Politics behind garment workers agitation in Bangladesh

4 Min
Politics behind garment workers agitation in Bangladesh

Opposition Bangladesh Nationalist Party (BNP) of former Prime Minister Khaleda Zia sees the unrest in ready garment sector as a sabotage of Bangladesh economy by a foreign country, a euphemism for India.But government views the trouble as the handiwork of ‘foreigners’ who are on a tourist visa and are involved with trade unions and NGOs. as the part of a plan to destabilise the Hasina government

Workers of Ready Garment Factories in Dhaka are on a war path from July 29 for pay hike; they have rejected the pay revision offered. The workers have taken to the streets, blocked roads, vandalised banks and shopping malls and set on fire a number of vehicles at Tejgaon and several other industrial clusters. More than 100 garment workers and 20 cops have been injured as the workers clashed with the police during demonstrations on EPZ-Abdullahpur road, Dhaka-Narayanganj Link Road, Katherpool, Ashulia, Narayanganj and several other places.

Opposition Bangladesh Nationalist Party (BNP) of former Prime Minister Khaleda Zia sees the unrest in ready garment sector as a sabotage of Bangladesh economy by a foreign country, a euphemism for India. Their point is two-fold; one India wants to capture the global share of Bangladesh, second India wants to ruin Bangladesh economy since ready garments are its main foreign exchange earner. Khaleda Zia herself made the charge. So did her party’s Secretary General Khandaker Delwar Hossen amidst clear indications that frustrated garment workers are being provoked for a political end.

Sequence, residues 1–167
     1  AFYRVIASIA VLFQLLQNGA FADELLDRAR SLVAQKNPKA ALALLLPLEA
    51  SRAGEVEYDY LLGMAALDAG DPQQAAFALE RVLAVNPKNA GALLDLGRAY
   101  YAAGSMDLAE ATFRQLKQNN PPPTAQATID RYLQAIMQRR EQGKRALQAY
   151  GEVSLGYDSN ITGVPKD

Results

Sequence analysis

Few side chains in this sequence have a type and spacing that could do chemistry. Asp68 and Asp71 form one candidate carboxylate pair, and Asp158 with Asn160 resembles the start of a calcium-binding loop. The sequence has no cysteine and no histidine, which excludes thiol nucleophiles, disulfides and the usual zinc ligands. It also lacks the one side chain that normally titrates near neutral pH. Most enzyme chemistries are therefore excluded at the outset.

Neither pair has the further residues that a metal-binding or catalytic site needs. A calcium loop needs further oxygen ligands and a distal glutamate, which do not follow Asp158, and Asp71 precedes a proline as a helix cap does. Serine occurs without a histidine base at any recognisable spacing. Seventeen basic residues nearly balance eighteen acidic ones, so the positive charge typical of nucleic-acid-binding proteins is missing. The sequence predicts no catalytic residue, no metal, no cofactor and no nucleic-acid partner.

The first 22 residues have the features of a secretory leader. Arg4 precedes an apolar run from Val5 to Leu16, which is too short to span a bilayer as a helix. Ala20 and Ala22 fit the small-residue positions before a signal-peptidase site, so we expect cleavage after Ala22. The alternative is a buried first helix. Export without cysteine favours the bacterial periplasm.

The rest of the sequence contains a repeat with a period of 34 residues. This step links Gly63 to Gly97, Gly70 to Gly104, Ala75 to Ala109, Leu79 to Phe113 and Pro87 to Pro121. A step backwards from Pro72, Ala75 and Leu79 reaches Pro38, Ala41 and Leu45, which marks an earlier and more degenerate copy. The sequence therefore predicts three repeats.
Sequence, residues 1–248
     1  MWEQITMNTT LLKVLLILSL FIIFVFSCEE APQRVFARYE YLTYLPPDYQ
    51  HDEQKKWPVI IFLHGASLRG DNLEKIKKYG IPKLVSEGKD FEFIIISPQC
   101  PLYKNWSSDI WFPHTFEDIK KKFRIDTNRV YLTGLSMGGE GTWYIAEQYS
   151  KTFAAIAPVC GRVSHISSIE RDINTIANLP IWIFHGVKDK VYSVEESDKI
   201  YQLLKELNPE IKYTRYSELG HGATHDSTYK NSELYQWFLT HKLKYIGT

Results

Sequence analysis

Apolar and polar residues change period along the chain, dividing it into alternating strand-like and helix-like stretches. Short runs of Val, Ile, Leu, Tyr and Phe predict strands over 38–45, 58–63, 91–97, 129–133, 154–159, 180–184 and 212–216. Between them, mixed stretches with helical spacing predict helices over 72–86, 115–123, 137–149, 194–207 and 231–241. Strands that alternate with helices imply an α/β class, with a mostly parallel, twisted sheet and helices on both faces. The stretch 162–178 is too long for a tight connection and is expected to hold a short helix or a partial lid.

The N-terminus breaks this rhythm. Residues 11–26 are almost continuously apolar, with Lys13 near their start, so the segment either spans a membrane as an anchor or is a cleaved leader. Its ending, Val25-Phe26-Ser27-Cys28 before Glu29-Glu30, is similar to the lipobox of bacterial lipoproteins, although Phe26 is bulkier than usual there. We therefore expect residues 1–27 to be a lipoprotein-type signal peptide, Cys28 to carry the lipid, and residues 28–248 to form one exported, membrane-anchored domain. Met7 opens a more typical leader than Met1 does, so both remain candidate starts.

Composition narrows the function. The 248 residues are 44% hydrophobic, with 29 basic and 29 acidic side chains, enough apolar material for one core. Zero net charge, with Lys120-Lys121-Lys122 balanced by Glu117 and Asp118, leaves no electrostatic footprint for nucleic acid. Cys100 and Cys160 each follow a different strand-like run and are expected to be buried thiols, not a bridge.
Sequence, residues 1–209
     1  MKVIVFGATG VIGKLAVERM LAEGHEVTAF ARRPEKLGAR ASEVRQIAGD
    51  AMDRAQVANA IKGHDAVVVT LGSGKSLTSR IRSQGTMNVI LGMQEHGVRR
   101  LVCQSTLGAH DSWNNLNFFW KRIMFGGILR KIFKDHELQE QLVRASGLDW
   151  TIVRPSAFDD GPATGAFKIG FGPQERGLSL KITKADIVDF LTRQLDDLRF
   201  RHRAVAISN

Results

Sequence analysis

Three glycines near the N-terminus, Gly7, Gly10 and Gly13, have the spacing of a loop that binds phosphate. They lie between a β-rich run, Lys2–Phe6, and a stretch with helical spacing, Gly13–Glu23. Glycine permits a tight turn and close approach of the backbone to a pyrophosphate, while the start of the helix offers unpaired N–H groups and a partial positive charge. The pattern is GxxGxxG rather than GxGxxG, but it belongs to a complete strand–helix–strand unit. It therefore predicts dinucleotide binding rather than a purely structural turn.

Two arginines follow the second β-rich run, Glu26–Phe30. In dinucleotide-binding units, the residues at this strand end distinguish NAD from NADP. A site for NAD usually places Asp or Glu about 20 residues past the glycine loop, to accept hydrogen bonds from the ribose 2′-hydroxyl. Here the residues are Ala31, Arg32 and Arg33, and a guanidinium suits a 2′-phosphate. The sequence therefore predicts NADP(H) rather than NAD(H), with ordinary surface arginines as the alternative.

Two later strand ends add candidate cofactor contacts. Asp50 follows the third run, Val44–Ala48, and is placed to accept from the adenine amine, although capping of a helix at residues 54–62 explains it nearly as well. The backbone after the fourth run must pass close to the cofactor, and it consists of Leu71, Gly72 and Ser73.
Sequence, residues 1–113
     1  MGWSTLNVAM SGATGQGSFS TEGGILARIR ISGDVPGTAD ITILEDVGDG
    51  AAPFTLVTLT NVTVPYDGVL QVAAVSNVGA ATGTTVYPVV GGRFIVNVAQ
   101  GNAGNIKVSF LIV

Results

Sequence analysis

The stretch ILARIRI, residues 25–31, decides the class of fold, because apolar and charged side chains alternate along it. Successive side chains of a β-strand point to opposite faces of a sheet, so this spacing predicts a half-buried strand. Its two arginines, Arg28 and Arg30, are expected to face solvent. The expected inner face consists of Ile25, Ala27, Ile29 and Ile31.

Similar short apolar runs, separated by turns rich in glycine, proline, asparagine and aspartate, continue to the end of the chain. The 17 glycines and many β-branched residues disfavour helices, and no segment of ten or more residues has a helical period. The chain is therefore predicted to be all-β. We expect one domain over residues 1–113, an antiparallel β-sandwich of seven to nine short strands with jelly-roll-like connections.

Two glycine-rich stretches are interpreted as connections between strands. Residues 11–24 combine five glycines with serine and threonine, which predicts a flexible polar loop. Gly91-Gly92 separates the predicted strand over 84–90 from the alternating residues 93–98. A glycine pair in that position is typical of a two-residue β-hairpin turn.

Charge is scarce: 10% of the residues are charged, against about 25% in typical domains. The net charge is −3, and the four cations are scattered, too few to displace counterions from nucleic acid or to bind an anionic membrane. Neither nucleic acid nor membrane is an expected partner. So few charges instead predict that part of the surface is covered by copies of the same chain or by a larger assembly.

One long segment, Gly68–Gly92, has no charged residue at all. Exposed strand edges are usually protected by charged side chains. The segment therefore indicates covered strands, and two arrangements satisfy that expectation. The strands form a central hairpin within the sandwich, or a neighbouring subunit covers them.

Violent agitation by garment workers has become almost a regular phenomenon. Labour unrest in garment sector has been brewing over work conditions, wage disputes and payment problems. Jatiyatabadi Chhatra Dal (student front of BNP), Jatiyatabadi Jubo Dal (youth front of BNP) and Islami Chhatra Shibir (student front of Jamaat-e-Islami) are said to be provoking the disgruntled workers from time to time..